In Ghana, 29% of children do not complete primary education (65% in rural areas, where we work); 53% do not complete Junior High School and 65% do not complete Senior High School (UNESCO, 2020). In rural areas, access to pre-primary education is just 38%, compared to 90% for urban areas, with teaching standards and access to resources extremely variable. This situation has been exacerbated by Covid-19 school closures, with the number of out of school children leaping from 35,432 in 2019 to 265,188 in 2020 (UNESCO, 2018).
EduSpots is a small yet innovative organization working with young people across 50 underserved communities in rural Ghana, working with a range of local stakeholders in this process including youth organizations, school headteachers, traditional leaders, district assemblies, religious organizations, the Ghana Library Authority and other organizational partners, , recognising that sustainable systems change depends upon effective local and national collaboration led by those who understand their communities.
Our network of over 250 voluntary community-based educators, including 39% young people under 25, are empowered to create quality, creative and community-centered learning opportunities for over 10,000 children through our 50 community-led and owned library education centres named ‘Spots’. These Spots are overseen by local Spot management committees, who oversee a local child safeguarding and protection strategy, with ongoing costs sustained by the communities themselves and educational and mentoring support provided by our experienced Ghana-based staff team, 50% of whom are also Spot volunteers.
After receiving training through our core training programme – the Ignite Programme – EduSpots’ voluntary community educators lead education clubs for JHS students in collaboration with local science and literacy partners, believing in the power of collaboration. Our EduLit and EcoSTEM clubs, which aim to improve students’ skills in creativity and critical thinking, enable them to see the applications of their learning to their community, whilst advancing their basic skills and exam performance in core curriculum subjects. Simultaneously local teachers and wider volunteers grow their abilities in student-centered pedagogy, exposing them to effective teaching strategies that will be implemented in their wider classroom teaching, driving exam performance and school engagement.
26% of girls reported sexual violence with 220,000 females 15-24yrs are illiterate (UNESCO Institute for Statistics, 2019). In many of our communities, teenage pregnancy is prevalent, with many of our local volunteers showing concern that girls do not always understand their rights or have the confidence to assert themselves in decision-making.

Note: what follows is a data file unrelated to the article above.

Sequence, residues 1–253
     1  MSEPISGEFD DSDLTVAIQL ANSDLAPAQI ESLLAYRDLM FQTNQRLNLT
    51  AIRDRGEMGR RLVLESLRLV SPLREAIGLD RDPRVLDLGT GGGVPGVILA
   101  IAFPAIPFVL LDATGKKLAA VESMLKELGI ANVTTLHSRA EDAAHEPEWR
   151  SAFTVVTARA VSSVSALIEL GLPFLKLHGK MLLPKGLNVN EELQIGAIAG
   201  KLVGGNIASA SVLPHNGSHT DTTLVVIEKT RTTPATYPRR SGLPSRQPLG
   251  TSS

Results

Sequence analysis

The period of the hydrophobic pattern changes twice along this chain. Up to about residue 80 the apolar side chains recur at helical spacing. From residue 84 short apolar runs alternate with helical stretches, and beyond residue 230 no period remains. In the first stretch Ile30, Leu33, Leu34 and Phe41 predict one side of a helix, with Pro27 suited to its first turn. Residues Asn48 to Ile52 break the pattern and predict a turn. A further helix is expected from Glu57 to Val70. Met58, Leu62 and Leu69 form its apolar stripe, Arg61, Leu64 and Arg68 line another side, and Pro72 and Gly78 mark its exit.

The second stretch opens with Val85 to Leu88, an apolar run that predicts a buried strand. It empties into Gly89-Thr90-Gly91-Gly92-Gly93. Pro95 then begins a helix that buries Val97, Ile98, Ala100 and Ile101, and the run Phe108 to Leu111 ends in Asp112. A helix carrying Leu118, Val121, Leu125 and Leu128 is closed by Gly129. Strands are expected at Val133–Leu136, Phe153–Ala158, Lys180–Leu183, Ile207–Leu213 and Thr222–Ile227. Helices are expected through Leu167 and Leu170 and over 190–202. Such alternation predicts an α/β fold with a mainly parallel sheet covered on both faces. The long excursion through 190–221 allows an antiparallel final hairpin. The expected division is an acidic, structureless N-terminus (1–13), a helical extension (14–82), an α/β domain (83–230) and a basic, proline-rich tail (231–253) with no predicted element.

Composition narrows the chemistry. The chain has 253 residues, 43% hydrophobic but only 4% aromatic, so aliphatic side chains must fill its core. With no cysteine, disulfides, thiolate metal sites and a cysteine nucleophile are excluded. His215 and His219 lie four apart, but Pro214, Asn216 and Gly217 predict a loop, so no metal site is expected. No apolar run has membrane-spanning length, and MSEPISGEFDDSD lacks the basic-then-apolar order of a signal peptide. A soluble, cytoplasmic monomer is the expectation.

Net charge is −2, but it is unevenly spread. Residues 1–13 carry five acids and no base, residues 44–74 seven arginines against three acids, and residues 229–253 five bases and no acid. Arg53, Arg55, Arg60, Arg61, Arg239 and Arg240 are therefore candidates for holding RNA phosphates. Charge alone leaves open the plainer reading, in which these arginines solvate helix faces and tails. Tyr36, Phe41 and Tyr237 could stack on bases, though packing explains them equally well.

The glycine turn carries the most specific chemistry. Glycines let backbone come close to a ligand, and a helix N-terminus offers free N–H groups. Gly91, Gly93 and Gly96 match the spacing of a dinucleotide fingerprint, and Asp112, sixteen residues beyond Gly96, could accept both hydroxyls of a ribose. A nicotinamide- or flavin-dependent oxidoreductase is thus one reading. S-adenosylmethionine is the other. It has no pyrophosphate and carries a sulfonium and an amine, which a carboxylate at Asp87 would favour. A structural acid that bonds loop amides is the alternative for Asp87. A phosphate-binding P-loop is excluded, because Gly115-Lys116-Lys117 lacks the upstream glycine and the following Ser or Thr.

EduSpots has always had a strong gender equity focus, working with many talented young female students through our partnership with African Gifted’s African Science Academy to give small grants to enable talented young female science and engineering students to create Spots in their communities, disrupting local gender power hierarchies in the process. In 2023, EduSpots is launching the Ignite Girls programme, which will lead to over 200 JHS girls joining locally-led girls’ empowerment clubs, equipping girls with local female mentors in the process.
Over 1.74 million people are unemployed in Ghana with many young people looking for work opportunities. Through our volunteer training, we are equipping young people with the skills they need to enter the workplace. Our 12-month Community Leadership in Education (CLEd) programme enables committed volunteers to gain skills in project management, social entrepreneurship and education, equipped with grant funding, resources and a mentor. Each year, half of our CLEd Catalysts progress into paid part-time Peer Mentor roles for the next cohort, enabling them to have a stepping stone into employment, with seven volunteers also joining our own staff team since 2018, two of whom progressed to receive full scholarships to study education and development in the UK.
In the process of our work, we are ultimately creating a network of active citizens, engaged in developing their home communities through education; students observe the volunteerism they benefit from, and become the future community changemakers.